Gibson TB-1 #128-14

   

                   

The style 1 of the 1930s was a non-Mastertone model and therefore had no true tone ring--only a small-diameter brass hoop on top of the rim.  It did, however, feature the same pot metal one-piece flange and three-ply maple rim as the Mastertones of the same period.  Style 1 had nickel-plated hardware and a dark-finished maple neck and resonator, with white binding on the neck and both edges of the resonator.  The tailpiece was an inexpensive type referred to in Gibson catalogs as the "Grover first model" (the tailpiece on this example is a later replacement).  The fiddle-shaped peghead was retained on the style 1 even though the Mastertone models had by this time gone to the double-cut peghead shape.  The rosewood fingerboard was normally inlaid with a fleur-de-lis inlay pattern which is also known by such varying names as "bats" and "flying birds"; however, other inlay patterns are sometimes seen on style 1 banjos and this instrument features the "diamonds and squares" pattern that had been used on style 3 Mastertone banjos in the 1920s.  Style 1 banjos have an oval "The Gibson" label inside the rim which is similar to the Mastertone label found on the higher models.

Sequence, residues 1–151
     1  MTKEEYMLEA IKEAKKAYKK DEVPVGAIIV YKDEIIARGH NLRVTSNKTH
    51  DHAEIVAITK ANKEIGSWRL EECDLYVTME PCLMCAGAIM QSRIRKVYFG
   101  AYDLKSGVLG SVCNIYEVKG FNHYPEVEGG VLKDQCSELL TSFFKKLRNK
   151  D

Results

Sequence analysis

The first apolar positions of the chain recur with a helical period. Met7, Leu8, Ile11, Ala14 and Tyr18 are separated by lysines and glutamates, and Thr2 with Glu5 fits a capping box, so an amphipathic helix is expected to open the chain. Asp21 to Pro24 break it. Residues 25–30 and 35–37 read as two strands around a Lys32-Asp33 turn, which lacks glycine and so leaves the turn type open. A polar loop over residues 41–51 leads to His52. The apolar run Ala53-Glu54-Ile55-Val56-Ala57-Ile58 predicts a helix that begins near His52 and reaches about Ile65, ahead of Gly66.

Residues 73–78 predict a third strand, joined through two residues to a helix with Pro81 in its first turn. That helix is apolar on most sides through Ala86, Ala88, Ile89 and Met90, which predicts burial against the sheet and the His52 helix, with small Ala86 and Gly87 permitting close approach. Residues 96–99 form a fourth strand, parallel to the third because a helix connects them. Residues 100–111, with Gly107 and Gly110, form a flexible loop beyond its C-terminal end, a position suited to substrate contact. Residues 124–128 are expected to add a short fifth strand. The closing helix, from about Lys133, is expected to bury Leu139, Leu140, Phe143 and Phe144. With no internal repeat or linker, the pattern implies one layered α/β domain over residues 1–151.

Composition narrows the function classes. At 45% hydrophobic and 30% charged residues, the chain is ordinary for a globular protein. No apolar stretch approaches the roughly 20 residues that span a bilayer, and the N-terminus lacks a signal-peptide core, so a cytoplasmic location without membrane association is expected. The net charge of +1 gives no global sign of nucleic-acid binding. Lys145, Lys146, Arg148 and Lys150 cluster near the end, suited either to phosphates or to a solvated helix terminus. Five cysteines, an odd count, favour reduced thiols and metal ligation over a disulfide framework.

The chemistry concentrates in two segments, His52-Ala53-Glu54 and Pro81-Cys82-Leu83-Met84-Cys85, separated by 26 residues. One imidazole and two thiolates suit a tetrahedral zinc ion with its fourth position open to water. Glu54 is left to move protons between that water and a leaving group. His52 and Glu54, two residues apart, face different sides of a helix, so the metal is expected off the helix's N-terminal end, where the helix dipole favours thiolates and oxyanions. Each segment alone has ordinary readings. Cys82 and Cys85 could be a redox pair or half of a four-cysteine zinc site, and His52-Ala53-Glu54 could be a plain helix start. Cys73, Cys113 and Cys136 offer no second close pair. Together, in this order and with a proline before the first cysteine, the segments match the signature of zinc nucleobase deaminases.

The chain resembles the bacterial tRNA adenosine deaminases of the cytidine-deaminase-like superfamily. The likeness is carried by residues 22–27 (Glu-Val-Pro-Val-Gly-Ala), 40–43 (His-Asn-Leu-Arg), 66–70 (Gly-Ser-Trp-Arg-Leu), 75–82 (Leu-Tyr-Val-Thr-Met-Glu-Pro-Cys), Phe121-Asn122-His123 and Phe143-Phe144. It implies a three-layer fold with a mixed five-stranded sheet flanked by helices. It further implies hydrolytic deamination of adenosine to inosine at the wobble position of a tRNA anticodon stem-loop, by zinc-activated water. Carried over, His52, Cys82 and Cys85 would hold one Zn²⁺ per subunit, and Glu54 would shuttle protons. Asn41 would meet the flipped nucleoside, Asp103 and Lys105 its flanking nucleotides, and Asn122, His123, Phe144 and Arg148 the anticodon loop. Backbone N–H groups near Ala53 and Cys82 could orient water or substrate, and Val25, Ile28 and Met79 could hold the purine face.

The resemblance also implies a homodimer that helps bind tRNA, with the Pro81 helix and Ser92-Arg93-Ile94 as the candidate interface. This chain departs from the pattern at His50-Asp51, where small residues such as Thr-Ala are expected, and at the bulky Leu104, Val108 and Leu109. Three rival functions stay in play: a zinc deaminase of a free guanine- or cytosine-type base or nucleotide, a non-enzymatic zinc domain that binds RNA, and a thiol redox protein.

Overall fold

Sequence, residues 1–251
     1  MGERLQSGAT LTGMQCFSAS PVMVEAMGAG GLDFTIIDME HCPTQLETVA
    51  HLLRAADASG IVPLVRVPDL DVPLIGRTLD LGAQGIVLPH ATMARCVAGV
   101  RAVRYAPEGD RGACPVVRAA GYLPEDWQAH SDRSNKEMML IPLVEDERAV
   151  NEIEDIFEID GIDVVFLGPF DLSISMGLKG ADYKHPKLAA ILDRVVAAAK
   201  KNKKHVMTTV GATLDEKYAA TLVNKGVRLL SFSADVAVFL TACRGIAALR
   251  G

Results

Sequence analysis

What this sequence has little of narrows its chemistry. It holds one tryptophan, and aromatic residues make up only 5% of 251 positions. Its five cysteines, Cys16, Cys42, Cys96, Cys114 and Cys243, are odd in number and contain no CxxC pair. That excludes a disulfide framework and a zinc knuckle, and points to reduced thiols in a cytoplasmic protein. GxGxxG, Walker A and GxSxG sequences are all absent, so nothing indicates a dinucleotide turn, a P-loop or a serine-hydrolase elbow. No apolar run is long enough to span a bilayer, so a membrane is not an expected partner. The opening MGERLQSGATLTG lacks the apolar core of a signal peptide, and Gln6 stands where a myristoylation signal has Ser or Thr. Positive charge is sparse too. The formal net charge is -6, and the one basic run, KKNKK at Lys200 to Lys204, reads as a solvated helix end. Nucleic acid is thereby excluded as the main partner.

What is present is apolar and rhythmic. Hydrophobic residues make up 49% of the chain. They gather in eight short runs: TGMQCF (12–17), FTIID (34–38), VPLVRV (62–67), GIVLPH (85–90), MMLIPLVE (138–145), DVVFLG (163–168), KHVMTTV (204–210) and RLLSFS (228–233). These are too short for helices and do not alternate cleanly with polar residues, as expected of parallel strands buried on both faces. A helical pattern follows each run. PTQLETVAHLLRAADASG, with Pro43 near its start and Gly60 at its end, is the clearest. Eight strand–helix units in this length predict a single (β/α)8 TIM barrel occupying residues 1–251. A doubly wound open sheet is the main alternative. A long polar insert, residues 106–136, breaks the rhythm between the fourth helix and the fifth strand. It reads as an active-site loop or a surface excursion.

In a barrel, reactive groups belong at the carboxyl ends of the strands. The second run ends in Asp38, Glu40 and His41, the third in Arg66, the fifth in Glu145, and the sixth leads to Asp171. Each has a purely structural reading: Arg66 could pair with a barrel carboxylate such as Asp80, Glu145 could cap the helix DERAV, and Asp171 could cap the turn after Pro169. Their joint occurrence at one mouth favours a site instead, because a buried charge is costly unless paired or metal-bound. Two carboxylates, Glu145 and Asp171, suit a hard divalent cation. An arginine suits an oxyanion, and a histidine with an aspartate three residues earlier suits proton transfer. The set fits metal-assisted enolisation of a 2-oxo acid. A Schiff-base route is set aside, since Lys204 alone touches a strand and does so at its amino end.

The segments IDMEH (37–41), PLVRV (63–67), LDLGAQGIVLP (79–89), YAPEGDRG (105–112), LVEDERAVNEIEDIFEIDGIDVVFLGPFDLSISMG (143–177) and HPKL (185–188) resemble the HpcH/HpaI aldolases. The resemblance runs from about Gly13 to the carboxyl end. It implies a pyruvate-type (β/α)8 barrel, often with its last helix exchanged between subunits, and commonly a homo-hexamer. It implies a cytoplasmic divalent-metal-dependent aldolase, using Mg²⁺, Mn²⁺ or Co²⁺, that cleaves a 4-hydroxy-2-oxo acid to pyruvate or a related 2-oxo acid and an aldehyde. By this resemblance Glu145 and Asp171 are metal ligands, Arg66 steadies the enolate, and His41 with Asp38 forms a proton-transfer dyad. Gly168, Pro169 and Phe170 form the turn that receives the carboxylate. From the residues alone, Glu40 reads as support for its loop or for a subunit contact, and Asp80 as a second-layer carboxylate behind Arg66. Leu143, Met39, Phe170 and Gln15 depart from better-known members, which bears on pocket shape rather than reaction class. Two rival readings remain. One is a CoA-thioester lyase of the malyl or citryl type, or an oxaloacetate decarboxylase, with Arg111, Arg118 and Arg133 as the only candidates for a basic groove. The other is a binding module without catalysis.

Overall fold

TB-1 #128-14 (see Gibson banjo serial numbers vs. factory order numbers) is believed to have belonged to a performer at the Aragon Ballroom in Venice Beach, California, the long-time home of Lawrence Welk and his Champagne Music Makers. 

Photos courtesy of an anonymous collector.
                  


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